Six people from Bristol’s Black African and Caribbean heritage communities have now been recruited to drive forward the Common Ambition Bristol project, which aims to reverse HIV health inequalities experienced by those communities living locally.
By reducing the stigma within Bristol’s African and Caribbean communities around HIV and sexual health services and improving access to sexual health services, this three-year project, which launched in February, aims to increase uptake of HIV testing. This could reduce both the transmission of HIV and the instances of late HIV diagnosis, and improve health outcomes for people who are diagnosed.
Common Ambition Bristol is supported by Bristol Health Partners’ Sexual Health Improvement Programme Health Integration Team (SHIP HIT).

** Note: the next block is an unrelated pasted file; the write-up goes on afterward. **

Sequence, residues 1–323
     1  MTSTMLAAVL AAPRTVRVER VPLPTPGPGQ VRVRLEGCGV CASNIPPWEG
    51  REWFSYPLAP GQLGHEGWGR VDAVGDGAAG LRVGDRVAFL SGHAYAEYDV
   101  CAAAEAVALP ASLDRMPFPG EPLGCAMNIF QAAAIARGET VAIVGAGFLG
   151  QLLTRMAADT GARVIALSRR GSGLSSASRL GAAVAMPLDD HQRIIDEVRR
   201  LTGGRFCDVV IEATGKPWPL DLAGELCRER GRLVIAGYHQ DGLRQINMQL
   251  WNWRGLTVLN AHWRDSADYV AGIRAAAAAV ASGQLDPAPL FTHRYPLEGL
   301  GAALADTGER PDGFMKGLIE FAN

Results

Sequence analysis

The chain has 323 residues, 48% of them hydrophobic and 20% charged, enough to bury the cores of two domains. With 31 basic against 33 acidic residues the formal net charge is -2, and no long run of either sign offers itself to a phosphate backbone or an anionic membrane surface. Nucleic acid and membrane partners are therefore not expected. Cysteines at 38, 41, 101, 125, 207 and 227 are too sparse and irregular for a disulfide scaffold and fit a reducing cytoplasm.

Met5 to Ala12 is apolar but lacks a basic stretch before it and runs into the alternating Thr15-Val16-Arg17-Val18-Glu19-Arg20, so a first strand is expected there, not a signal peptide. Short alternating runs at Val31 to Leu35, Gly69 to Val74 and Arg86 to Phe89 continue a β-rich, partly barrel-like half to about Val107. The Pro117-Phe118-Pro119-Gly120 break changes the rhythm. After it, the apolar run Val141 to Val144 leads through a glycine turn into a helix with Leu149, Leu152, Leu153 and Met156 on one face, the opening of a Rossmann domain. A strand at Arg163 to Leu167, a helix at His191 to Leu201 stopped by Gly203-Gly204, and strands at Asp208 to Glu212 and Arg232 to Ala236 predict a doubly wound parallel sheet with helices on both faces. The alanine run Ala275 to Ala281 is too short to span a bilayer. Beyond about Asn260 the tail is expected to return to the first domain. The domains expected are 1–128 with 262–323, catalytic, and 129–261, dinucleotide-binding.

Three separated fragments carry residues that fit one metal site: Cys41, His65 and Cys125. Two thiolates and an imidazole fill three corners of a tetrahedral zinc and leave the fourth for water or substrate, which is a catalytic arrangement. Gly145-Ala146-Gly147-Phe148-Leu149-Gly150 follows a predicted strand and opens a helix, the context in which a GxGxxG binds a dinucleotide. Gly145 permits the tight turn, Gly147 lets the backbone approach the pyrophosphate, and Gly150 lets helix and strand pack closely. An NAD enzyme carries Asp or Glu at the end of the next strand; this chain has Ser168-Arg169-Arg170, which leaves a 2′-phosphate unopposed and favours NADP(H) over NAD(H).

The six community members, who have a variety of backgrounds, professions and experiences, will work alongside others in the project delivery group representing Brigstowe, UNITY Sexual Health, Brook and the Terrence Higgins Trust. All members of the group have completed a six-week training programme, with sessions on research, co-production and HIV awareness.
We are now searching for published data about past interventions that have aimed to increase HIV testing and reducing stigma in communities worldwide. The group will examine the projects, services, or ways of working that have been shown to be most effective elsewhere, and agree which of these should be put forward to the African and Caribbean communities in Bristol. They will then run a series of consultations with communities to obtain feedback on the proposals to make sure that the things we put in place in Bristol will be the most effective locally.